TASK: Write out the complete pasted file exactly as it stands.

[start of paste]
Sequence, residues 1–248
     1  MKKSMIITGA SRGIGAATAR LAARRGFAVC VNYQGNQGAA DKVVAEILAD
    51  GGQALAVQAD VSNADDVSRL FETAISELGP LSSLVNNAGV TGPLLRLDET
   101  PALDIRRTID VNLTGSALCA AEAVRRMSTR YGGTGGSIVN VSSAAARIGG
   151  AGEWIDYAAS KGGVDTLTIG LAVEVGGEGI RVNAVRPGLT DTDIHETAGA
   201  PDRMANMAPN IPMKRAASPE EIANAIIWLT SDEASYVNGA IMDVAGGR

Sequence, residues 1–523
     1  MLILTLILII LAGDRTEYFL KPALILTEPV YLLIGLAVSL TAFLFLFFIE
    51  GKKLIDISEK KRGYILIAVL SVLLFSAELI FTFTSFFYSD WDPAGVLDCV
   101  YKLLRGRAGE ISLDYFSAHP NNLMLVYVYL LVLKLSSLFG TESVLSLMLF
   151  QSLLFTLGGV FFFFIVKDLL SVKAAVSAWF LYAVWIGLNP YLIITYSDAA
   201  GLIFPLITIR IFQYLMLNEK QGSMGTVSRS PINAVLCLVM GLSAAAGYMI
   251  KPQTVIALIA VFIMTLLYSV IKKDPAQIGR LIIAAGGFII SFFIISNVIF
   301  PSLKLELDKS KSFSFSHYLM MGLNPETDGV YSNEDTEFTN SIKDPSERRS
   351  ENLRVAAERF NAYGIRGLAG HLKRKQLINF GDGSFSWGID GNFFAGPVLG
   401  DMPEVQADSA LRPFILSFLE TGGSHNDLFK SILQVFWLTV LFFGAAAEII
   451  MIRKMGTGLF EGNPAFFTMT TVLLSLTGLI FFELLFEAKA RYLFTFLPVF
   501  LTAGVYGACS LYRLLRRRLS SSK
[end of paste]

Sequence, residues 1–248
     1  MKKSMIITGA SRGIGAATAR LAARRGFAVC VNYQGNQGAA DKVVAEILAD
    51  GGQALAVQAD VSNADDVSRL FETAISELGP LSSLVNNAGV TGPLLRLDET
   101  PALDIRRTID VNLTGSALCA AEAVRRMSTR YGGTGGSIVN VSSAAARIGG
   151  AGEWIDYAAS KGGVDTLTIG LAVEVGGEGI RVNAVRPGLT DTDIHETAGA
   201  PDRMANMAPN IPMKRAASPE EIANAIIWLT SDEASYVNGA IMDVAGGR

Sequence, residues 1–523
     1  MLILTLILII LAGDRTEYFL KPALILTEPV YLLIGLAVSL TAFLFLFFIE
    51  GKKLIDISEK KRGYILIAVL SVLLFSAELI FTFTSFFYSD WDPAGVLDCV
   101  YKLLRGRAGE ISLDYFSAHP NNLMLVYVYL LVLKLSSLFG TESVLSLMLF
   151  QSLLFTLGGV FFFFIVKDLL SVKAAVSAWF LYAVWIGLNP YLIITYSDAA
   201  GLIFPLITIR IFQYLMLNEK QGSMGTVSRS PINAVLCLVM GLSAAAGYMI
   251  KPQTVIALIA VFIMTLLYSV IKKDPAQIGR LIIAAGGFII SFFIISNVIF
   301  PSLKLELDKS KSFSFSHYLM MGLNPETDGV YSNEDTEFTN SIKDPSERRS
   351  ENLRVAAERF NAYGIRGLAG HLKRKQLINF GDGSFSWGID GNFFAGPVLG
   401  DMPEVQADSA LRPFILSFLE TGGSHNDLFK SILQVFWLTV LFFGAAAEII
   451  MIRKMGTGLF EGNPAFFTMT TVLLSLTGLI FFELLFEAKA RYLFTFLPVF
   501  LTAGVYGACS LYRLLRRRLS SSK